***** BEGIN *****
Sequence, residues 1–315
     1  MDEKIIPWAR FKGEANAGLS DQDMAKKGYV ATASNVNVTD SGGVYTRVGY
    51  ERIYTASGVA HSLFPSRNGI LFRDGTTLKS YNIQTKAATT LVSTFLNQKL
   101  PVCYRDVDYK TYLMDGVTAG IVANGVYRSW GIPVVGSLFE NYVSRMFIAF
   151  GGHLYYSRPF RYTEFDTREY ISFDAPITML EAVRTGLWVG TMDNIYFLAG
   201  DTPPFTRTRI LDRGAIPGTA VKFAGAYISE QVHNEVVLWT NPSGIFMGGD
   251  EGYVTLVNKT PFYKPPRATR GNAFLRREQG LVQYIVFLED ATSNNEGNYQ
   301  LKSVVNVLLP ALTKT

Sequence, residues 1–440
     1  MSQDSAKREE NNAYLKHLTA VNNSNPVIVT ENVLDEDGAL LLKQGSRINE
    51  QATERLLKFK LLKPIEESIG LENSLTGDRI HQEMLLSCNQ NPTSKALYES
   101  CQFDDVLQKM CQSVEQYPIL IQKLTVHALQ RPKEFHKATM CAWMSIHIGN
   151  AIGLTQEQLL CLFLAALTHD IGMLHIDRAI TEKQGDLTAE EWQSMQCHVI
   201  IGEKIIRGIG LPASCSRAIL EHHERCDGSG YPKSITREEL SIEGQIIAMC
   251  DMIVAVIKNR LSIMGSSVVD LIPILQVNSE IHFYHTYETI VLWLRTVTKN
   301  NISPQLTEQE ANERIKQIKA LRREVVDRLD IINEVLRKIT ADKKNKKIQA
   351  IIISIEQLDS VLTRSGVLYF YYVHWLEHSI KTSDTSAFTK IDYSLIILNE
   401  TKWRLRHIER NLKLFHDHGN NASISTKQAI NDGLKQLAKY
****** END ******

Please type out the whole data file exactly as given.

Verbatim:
Sequence, residues 1–315
     1  MDEKIIPWAR FKGEANAGLS DQDMAKKGYV ATASNVNVTD SGGVYTRVGY
    51  ERIYTASGVA HSLFPSRNGI LFRDGTTLKS YNIQTKAATT LVSTFLNQKL
   101  PVCYRDVDYK TYLMDGVTAG IVANGVYRSW GIPVVGSLFE NYVSRMFIAF
   151  GGHLYYSRPF RYTEFDTREY ISFDAPITML EAVRTGLWVG TMDNIYFLAG
   201  DTPPFTRTRI LDRGAIPGTA VKFAGAYISE QVHNEVVLWT NPSGIFMGGD
   251  EGYVTLVNKT PFYKPPRATR GNAFLRREQG LVQYIVFLED ATSNNEGNYQ
   301  LKSVVNVLLP ALTKT

Sequence, residues 1–440
     1  MSQDSAKREE NNAYLKHLTA VNNSNPVIVT ENVLDEDGAL LLKQGSRINE
    51  QATERLLKFK LLKPIEESIG LENSLTGDRI HQEMLLSCNQ NPTSKALYES
   101  CQFDDVLQKM CQSVEQYPIL IQKLTVHALQ RPKEFHKATM CAWMSIHIGN
   151  AIGLTQEQLL CLFLAALTHD IGMLHIDRAI TEKQGDLTAE EWQSMQCHVI
   201  IGEKIIRGIG LPASCSRAIL EHHERCDGSG YPKSITREEL SIEGQIIAMC
   251  DMIVAVIKNR LSIMGSSVVD LIPILQVNSE IHFYHTYETI VLWLRTVTKN
   301  NISPQLTEQE ANERIKQIKA LRREVVDRLD IINEVLRKIT ADKKNKKIQA
   351  IIISIEQLDS VLTRSGVLYF YYVHWLEHSI KTSDTSAFTK IDYSLIILNE
   401  TKWRLRHIER NLKLFHDHGN NASISTKQAI NDGLKQLAKY